Saturday, October 14, 2006


Noble Africa

Bono was on Oprah yesterday. He was touting a new initiative that will raise funds to fight AIDS in Africa. The initiative is called (RED) and it plays on America's unending materialism. By purchasing (RED) products (T-shirts, jeans, tennies, jackets, cellphones, iPods), Americans can feel good about themselves by knowing that approximately half the proceeds from each purchase go toward supplying AIDS medications to people in Africa.

If I sound a tinge cynical, it's not because I don't think the cause is worthy. Absolutely, it is. But, I'm not sure encouraging Americans to consume more is the best way to go about it. The T-shirts are cute and one of the pairs of Chuck Taylor tennis shoes available from Converse (one of the sponsors of the cause) is made of African mud cloth. Bono said that much of the stuff is made in Africa, so people there are working toward their cure.

Here's my frustration: Why is it that practically the only images we ever see of Africa are of bone-crushing poverty, starvation, female genital mutilation, AIDS, or civil war? Why do we not see the people who are doing well? Where are this continent's leaders? Why are they not helping their own people? Where are Africa's success stories? Surely, these exist.

There's an imbalance here and it does not bode well for Africa. As the situation sits, Africa is pitied by the world because we rarely hear the positives about the continent. Most of the good stories come when some foreigner rushes in and gives a particular African country or cause monetary assistance, or adopts a child. The continent has been presented as lowly and incapable of helping itself. We sling around the term "third-world country" with impunity in reference to Africa. The continent is the world's charity case, and it's very easy for well-off people to see charity cases as not being equal. And, that's the problem with the (RED) campaign. It reinforces our belief that Africa is not equal to America. As we buy, we think, "Oh, those poor people!" In (RED)'s defense, the manifesto says this is not about charity, but that message can't easily be over-ridden by years of bad press.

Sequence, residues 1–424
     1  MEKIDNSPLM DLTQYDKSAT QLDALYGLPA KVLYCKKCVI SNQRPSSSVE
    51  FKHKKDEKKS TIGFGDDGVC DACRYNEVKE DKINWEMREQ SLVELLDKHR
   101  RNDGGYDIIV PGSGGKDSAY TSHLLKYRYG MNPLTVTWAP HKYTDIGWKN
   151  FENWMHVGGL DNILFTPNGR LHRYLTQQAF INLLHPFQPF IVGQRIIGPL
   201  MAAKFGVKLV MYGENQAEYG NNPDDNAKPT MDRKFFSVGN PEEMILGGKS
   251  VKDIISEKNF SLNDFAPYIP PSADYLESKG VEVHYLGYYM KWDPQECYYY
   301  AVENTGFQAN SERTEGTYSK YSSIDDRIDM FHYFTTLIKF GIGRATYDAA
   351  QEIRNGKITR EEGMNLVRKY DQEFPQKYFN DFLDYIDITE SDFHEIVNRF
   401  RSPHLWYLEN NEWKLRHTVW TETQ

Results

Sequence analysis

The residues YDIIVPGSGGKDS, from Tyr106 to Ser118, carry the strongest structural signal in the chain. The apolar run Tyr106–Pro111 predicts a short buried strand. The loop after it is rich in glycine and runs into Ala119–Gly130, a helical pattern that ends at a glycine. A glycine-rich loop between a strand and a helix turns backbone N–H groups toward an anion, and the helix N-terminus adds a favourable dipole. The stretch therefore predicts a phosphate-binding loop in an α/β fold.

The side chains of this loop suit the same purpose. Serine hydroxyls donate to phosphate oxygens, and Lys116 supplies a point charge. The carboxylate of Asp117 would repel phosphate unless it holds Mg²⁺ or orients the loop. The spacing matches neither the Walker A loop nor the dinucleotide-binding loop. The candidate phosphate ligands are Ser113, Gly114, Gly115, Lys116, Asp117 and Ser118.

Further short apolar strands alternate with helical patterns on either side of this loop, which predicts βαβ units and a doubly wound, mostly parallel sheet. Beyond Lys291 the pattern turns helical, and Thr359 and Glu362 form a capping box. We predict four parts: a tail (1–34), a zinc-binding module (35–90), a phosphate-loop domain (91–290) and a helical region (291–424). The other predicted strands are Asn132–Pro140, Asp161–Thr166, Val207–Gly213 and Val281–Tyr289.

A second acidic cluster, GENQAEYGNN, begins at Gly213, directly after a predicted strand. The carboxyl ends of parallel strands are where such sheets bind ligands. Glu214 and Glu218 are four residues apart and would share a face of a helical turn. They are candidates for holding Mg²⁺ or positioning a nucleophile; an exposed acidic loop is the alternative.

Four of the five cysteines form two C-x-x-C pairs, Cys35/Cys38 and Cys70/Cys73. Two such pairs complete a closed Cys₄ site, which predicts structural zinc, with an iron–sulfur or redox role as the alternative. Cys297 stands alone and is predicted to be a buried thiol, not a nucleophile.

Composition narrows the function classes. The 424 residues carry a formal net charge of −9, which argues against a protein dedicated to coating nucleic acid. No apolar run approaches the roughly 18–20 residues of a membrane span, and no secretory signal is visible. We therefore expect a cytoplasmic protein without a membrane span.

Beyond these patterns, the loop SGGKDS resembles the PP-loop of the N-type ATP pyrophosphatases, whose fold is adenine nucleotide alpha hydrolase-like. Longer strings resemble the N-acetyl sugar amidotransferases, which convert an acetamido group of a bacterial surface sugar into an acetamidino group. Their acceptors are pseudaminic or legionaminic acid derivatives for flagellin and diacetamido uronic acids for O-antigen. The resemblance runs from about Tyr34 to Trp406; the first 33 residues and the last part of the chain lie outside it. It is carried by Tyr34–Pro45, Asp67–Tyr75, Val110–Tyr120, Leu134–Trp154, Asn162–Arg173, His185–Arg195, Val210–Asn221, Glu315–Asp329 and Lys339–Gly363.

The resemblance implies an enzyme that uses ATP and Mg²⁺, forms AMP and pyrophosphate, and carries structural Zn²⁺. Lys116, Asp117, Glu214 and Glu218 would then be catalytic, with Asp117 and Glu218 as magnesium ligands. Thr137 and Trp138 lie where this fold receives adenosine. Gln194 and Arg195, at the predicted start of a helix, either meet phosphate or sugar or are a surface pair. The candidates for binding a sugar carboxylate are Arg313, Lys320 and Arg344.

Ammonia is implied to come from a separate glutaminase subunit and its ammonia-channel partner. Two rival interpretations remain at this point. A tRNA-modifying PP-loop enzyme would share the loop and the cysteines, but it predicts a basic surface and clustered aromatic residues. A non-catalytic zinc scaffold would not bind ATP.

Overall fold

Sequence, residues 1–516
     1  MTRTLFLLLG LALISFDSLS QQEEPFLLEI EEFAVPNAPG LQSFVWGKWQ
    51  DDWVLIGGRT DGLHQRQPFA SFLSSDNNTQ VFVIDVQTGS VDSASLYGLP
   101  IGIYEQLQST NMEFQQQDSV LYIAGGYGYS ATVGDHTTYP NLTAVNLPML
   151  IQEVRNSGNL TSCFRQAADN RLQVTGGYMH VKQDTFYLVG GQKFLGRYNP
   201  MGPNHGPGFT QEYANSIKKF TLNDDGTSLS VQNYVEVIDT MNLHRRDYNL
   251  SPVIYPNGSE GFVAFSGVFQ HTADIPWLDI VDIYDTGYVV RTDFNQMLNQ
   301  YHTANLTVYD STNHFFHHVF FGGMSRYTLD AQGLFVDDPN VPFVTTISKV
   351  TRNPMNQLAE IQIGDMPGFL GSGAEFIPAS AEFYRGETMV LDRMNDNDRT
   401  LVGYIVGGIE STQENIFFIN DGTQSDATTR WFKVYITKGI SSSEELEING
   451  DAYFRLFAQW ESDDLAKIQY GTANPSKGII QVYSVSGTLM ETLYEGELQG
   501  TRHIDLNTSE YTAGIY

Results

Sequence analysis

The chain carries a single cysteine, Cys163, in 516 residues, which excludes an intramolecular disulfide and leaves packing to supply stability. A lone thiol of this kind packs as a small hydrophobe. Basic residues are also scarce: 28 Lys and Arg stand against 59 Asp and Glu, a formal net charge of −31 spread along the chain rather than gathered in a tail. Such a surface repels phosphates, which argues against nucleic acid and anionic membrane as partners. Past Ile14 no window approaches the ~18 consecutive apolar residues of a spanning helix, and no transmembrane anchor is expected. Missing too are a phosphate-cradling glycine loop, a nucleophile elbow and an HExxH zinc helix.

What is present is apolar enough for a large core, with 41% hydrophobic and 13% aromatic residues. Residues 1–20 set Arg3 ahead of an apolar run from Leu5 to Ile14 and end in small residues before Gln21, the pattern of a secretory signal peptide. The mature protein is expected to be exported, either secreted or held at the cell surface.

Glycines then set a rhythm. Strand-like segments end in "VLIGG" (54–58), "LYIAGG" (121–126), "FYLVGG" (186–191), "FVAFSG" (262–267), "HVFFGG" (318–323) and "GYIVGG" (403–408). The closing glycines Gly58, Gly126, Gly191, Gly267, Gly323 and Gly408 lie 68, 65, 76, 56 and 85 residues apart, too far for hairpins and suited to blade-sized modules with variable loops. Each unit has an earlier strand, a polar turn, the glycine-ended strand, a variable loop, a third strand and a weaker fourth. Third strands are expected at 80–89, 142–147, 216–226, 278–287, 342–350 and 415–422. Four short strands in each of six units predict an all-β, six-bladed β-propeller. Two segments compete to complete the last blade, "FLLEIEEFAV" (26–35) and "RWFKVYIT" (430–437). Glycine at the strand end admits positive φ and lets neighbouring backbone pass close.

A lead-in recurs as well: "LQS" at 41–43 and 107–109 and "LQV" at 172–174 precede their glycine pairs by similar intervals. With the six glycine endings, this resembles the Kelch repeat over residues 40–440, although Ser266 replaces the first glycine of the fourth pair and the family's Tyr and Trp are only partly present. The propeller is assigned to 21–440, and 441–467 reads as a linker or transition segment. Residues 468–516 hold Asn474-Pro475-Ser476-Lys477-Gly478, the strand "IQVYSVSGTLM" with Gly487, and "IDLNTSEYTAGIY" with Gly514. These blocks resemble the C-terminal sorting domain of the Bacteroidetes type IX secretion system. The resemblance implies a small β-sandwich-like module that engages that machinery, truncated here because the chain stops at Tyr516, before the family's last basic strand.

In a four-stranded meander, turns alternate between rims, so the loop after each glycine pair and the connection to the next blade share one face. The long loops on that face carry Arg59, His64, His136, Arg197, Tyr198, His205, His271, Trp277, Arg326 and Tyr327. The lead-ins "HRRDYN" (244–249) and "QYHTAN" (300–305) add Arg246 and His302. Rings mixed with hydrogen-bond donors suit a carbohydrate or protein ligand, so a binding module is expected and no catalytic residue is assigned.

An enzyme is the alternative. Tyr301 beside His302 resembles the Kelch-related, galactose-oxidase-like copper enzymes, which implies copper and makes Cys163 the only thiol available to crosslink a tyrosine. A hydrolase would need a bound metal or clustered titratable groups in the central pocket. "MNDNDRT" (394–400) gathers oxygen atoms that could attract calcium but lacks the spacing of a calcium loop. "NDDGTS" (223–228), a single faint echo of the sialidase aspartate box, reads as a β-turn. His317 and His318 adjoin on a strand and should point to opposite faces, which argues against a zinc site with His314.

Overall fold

The world needs to start paying as much attention to Africa's success stories as it does to its frailties. Who hasn't heard of Nelson Mandela and the overthrow of Apartheid by native South Africans? More positive stories such as these will help to alleviate the perceived inequalities between Africa and the rest of the world. When we start thinking of Africa as noble and dignified, we can purchase our (RED) goods without a simpering pity, but with a sense of fair exchange among the world's compatriots.

As I wrote this piece, it crossed my mind that perhaps I've been ill-informed, that I've missed the good news about Africa, so I googled "africa good news" and was rewarded with an article from the Christian Science Monitor dated May26, 2005. It's called, "Africans ask: 'Why isn't anyone telling the good news?'" I could not have asked for a more relevant article. As the article is over a year old, there's still work to be done in boosting Africa's image.

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